Cinematic Theatre: The Antonioni Project
Although director Ivo van Hove disagreed with me, it seems a very modern thing to combine theatre and cinema in a way that conspicuously blends elements of both. Ignoring the recent fad of casting Hollywood stars in London theatres, directors who have a foot in both worlds are bringing new types of experiences to the theatrical stage, ones that have never been seen before, due to recent advances in camera and projection technology.
The Antonioni Project, by theatre company Toneelgroep Amsterdam, combines the screenplays of three films that Michelangelo Antonioni directed in the early 1960s – L’avventura, La notte and L’eclisse – plus, as I learned from the director during our interview, a coda taken from Il deserto rosso (1964). Presenting dramatised versions of film on stage isn’t a new idea, however, Ivo van Hove presents this remake of Antonioni’s trilogy as live cinema, starting off with a first act that represents the cinematic technique of the blue screen live on stage: in front of a three-dimensional set painted blue, the actors say their lines with minimal props – a wheelchair here, a suitcase there. This is cinema as live magic show, filmed by cameramen as we watch, using a mixture of handheld cameras, dollies and shoulder-mounted rigs, and projected on a Cinemascope-sized screen above them, with the blue backdrop replaced by American cityscapes, as on screen we now see the characters interact in a glass corridor above a busy road.
The director says he doesn’t want the technology or visuals to detract from the drama and emotions, but in this respect, at least for this member of the audience, he failed: the effect is so startling that I found myself missing some of the dialogue as I was mesmerized by this astonishing technical feat, which is facilitated by a bank of computers and technicians mixing the signal and subtitling the image in the orchestra pit as the actors perform on stage. If van Hove had just remade Antonioni’s films as another film, then we might call him misguided as there’s no point in remaking a film that can’t be improved on, but by deconstructing the filmmaking process – showing CGI superimposition and cinematic rushes live – this becomes a play that not only adapts cinema but is about cinema as well.
Antonioni’s three screenplays intersect and overlap, and while the production’s 145-minute running time is a little excessive, there is a point to the combination, as scenes in each story reflect and complement scenes in the others. The three-act structure of the production is separated by different staging techniques. The first third uses the amazing blue screen process I mentioned before. The second uses the screen above the stage to expand the theatrical space, so that when actors leave the stage, the camera follows them and we see additional environments normally hidden by walls and the extent of our field of vision. The third act is almost entirely projected, with the actors hidden behind a new screen (normally the safety curtain in a theatre) that has descended and covered the entire visible space within the proscenium arch – this again is a technical marvel, an image of almost IMAX proportions that is being filled with images being shot live behind the screen on video camera, a level of detail and digital resolution that was inconceivable only three years ago when I interviewed the technical manager at the BFI IMAX cinema. Occasionally during this last act, the actors come out from behind the screen and then by being filmed in front of it and projected on, this creates a double or triple exposure, an ethereal effect that would be equally at home in a production of one of Shakespeare’s faerie stories or a U2 concert.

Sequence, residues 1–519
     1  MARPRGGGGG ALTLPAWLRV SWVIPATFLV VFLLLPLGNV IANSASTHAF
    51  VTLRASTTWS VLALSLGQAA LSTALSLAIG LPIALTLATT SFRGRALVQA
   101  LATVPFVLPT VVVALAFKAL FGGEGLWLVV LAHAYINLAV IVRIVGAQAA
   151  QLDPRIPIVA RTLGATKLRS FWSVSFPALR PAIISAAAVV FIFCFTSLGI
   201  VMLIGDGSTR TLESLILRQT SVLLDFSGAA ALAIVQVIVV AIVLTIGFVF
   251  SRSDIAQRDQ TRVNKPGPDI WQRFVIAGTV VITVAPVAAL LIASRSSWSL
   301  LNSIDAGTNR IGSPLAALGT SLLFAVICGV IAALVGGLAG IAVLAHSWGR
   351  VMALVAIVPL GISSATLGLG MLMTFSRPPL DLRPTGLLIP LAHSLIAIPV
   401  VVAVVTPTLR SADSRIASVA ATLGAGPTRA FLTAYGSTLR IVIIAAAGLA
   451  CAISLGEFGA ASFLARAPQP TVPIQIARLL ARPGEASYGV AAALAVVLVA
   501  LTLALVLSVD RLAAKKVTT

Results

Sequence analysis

However, this production isn’t just something to be appreciated as a technical marvel, as the direction is gripping and the use of space involving, inventive and imaginative. The cast is uniformly strong and the only complaint I’d have with the entire production is that the large ensemble cast – 17 actors plus band and cameramen – combined with numerous characters and plot strands, makes it often a little hard to follow who’s going out with whom and who’s cheating on whom. That said, this is an exquisite production about human interaction in microcosm: infidelities, confessions of love and betrayal, belated crushes, disappearances, exits and entrances. As cinema itself tries to find a new level of spectacle with the current fad for 3D competing with bigger and bigger screens in people’s homes, this is the most three-dimensional cinema of all, with each performance unique, as no two nights will be exactly the same.
The Antonioni Project is followed at The Barbican by a production of The Blue Dragon by Robert Lepage, a great filmmaker in his own right, whose theatrical productions use elements of cinema. Meanwhile, after Anthony Minghella’s production of Madam Butterfly in 2005, the English National Opera is currently occupied with a production of Lucrezia Borgia directed by Mike Figgis – which will be filmed and projected at cinemas around the UK in 3D on February 23 – and is being followed by The Damnation of Faust directed by Terry Gilliam in May. As the promise of 3D in regular and IMAX cinemas began to wane about five minutes into the first screening of Avatar, perhaps the London stage is the real home for cinema that wants to occupy more than two dimensions.